Whether it is the 2010s or the 1400s, the concept of physical beauty and grooming is seemingly as old as time itself. From ancient times to the modern days, people have this almost innate need to improve themselves in terms of what they look like and try to adhere to current beauty standards as much as possible. Although admittedly, everyone is beautiful in their unique ways, beauty-related rituals will always be a big part of human nature!
So, let’s talk about these ancient rituals and just how effective they are!
You may have seen the iconic Elizabeth Taylor and her portrayal of Cleopatra who often enjoyed taking milk baths infused with saffron and flower petals. Surprisingly, this wasn’t to showcase the power of the Queen but to portray a beauty ritual that was common back then. The lactic acid in the milk aided the exfoliation of the skin and saffron worked as a broad-spectrum treatment for many conditions. However, it is very difficult to obtain saffron today since the prices have gone up drastically. The spice is native to the lands of Spain and Kashmir where it has a time-sensitive harvesting process and the yield is quite low.
2. Rose Oil
Saffron milk baths are only one of the examples, with another example being rose oil, which, like any other fashion style, is making a comeback into the beauty world despite being a part of the Middle East’s heritage for over 2000 years. Now, western beauty companies have begun incorporating this oil because it’s loaded with vitamins, minerals, and antioxidants that help in keeping the skin soft, tackle inflammation, and calm itchy skin.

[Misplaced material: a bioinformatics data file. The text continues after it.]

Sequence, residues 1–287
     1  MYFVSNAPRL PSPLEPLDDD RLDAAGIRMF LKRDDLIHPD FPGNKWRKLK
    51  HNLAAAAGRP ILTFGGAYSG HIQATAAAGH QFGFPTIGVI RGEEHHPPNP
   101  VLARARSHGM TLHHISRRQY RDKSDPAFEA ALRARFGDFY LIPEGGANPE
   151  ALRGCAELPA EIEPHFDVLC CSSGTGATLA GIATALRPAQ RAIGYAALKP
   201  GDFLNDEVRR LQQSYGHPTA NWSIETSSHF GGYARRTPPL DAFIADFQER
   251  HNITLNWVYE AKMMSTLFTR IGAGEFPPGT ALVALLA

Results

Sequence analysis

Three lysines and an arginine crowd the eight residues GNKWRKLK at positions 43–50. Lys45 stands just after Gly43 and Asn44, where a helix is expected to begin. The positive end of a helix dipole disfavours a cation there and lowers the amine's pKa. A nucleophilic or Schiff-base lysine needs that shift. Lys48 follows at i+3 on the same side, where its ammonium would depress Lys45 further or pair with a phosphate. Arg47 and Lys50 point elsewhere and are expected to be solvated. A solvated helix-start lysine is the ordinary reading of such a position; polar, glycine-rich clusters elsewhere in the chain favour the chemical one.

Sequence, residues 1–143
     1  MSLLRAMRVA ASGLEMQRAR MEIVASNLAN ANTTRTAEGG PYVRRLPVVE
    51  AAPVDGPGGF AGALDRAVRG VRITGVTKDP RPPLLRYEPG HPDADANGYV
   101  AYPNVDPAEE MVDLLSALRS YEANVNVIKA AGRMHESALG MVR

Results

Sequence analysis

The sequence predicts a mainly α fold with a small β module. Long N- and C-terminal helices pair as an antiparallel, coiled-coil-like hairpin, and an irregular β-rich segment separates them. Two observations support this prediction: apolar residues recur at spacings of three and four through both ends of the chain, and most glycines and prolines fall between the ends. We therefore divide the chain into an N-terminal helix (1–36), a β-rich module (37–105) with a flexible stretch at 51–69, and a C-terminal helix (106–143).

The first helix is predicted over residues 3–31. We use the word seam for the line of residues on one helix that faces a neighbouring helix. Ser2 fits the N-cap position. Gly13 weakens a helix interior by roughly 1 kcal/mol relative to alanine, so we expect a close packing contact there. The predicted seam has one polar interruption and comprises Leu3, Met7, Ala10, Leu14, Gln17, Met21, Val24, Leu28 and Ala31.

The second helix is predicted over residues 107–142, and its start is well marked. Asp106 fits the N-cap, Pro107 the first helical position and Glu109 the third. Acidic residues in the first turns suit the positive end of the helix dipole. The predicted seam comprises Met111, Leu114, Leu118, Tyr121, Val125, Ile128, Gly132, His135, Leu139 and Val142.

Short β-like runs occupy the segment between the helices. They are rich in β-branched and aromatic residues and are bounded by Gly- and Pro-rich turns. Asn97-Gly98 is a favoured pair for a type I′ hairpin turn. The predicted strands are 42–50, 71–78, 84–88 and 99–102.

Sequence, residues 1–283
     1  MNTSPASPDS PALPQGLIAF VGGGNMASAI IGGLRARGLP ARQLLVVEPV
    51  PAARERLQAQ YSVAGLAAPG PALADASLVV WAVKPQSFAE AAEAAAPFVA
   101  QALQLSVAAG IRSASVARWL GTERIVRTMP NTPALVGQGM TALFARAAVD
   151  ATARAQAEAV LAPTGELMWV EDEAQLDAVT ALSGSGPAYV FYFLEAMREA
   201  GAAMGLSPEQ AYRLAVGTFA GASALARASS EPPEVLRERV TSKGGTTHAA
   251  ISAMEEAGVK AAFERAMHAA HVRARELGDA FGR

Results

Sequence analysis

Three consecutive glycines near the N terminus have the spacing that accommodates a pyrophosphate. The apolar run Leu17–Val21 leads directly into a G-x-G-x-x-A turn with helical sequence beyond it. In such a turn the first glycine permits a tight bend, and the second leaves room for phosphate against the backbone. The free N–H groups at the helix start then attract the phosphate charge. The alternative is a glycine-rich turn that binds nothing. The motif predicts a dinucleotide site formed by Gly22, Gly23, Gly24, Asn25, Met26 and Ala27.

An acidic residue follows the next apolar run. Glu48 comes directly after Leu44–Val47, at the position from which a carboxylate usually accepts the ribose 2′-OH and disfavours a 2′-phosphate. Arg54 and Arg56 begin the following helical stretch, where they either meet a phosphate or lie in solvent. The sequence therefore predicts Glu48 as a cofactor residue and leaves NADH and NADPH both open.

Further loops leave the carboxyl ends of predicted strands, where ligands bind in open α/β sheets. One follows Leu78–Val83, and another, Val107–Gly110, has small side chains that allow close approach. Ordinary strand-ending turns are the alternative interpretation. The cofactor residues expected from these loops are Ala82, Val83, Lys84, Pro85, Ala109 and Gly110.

Turmeric also makes this list as one of the beauty products that have been used for thousands of years in Asia but is being discovered now by the West. Turmeric is known for its immunity-boosting capabilities and the fact that it serves as a great antioxidant containing vitamin C and E. Turmeric has been a key beauty ingredient amongst Pakistani, Indian, and Bangladeshi women. In the subcontinent, there even exists a wedding-related party called ‘Haldi’ which translates to Turmeric.
Is it time that we start taking advice from the East? Yes, it is!